Fun Pool Frog Facts For Kids

Akinwalere Olaleye
Apr 25, 2023 By Akinwalere Olaleye
Originally Published on Aug 05, 2021
Edited by Monisha Kochhar
Pool frog facts about the Northern pool frog species
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Age: 3-18
Read time: 7.5 Min

The pool frog is also known by its scientific name Pelophylax lessonae. It is an amphibian present in European countries like Norway and Sweden.

They adapt to different climate zones as well. The frog is predominantly brown with darker blotches and a light yellow or green stripe along the back.

They have distinguished features like long legs and a pointed head as compared to other frog species.

Pool frogs consume invertebrates, and other insects like spiders, moths, and others. Their population was considered under threat hence efforts of conservation have been made to ensure the preservation of this category of animals to prevent extinction.

This was done through the installation of preservation sites where they maintain a pool frog mineral sanitizing system which makes use of a mixture of chemicals to destroy bacteria and algae that can cause harm to the reservoir for the frog.

This is an essential part of conservation since they spend most of their time in the water body and leave the water body only to bathe in the sun for some time.

Their life cycle begins as a tadpole after which they gradually develop legs and then over time transform into young frogs finally developing into adult frogs. In this article, we will take a look at some cool facts about pool frogs, so read on.

If you like this article, you can also check out, common frog and Goliath frog facts.

Pool Frog Interesting Facts

What type of animal is a pool frog?

Pool frogs are types of frogs that reside in waterbody mostly which includes ponds.

What class of animal does a pool frog belong to?

Pool frogs classify under the amphibian animals class. The extinction of one species in the food chain causes an imbalance in the environment which in turn affects the lives of other species.

How many pool frogs are there in the world?

A rapid decrease in the population of pool frogs was noted from the 19th century till the end of the 20th century.  The exact number of species is not determined but scientists estimate that there exist approximately more than 4000 different kinds of amphibians on Earth.

Where does a pool frog live?

Pool frogs live in rivers, ponds, lakes, and wetlands as well. They survive only in freshwater regions. Their physical appearance makes it difficult to spot a pool frog however if you pay attention and look real close, you can spot them.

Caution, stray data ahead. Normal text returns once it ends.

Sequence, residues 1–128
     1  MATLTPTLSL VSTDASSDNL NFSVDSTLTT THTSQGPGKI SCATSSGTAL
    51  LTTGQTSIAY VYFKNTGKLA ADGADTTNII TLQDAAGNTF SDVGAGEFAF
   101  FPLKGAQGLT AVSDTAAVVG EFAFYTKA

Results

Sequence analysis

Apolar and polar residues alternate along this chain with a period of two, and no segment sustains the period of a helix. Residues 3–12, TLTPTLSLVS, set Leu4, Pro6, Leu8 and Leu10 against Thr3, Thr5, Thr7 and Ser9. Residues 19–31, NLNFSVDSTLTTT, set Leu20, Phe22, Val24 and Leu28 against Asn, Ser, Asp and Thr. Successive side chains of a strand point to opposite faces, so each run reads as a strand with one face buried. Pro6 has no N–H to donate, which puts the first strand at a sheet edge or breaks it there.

What is a pool frog's habitat?

Pool frogs mainly live in water bodies that flow at a slow pace. This includes calm rivers, ponds, or even marshes. Since they were introduced into the UK, during seasons of winter they reside and hibernate on land. The areas they inhabit are usually damp and in densely vegetated states.

Who do pool frogs live with?

Pool frogs have characteristics similar to that of other frogs and live in their own pack to be able to sustain themselves.  

How long does a pool frog live?

A pool frog has a lifespan of up to one to six years depending on the geographical location that they inhabit.

How do they reproduce?

Their breeding season is from the May to June months. The male among the breed possesses the ability to create mating sounds through a pair of inflatable pouches/vocal sacs present on either side of their head. The sound resembles something similar to that of a duck quacking.

The female pool frogs lay eggs in clumps post-mating. They lay close to 1500 eggs.

The eggs laid are brown on top and pale on the bottom. The clumps of the egg resemble a table tennis ball. The eggs then hatch five days later and baby tadpoles come out of them and gradually become adult frogs.

What is their conservation status?

Pool frogs can be classified under the Least Concern category by the IUCN. However, efforts have been made by Forest Commissions like the Amphibian and Reptile Conservation Trust (ARC) to preserve and protect them.  

Pool Frog Fun Facts

What do pool frogs look like?

Pool frogs have unique features and immense capabilities for survival in the wild. They belong to a family of frogs which also include marsh frogs and edible frogs and have colors like brown, yellow, black, and green.

Their eyes are predominantly black in color and their skin is slimy in nature. Pool frogs have more pointed heads and long legs as compared to other frog species. They have a more brightly colored, usually green or yellow, stripe down their back (dorsal stripe) which is one of their distinguishing features.

A pool frog in its natural habitat enjoying a swim in the water.

How cute are they?

They are immensely appealing and cute creatures and possess unique prints and patterns on their body. They are hard to spot in some instances as they are hidden between flora that exists near water bodies, hence you need a keen sense of view to be able to spot them.

How do they communicate?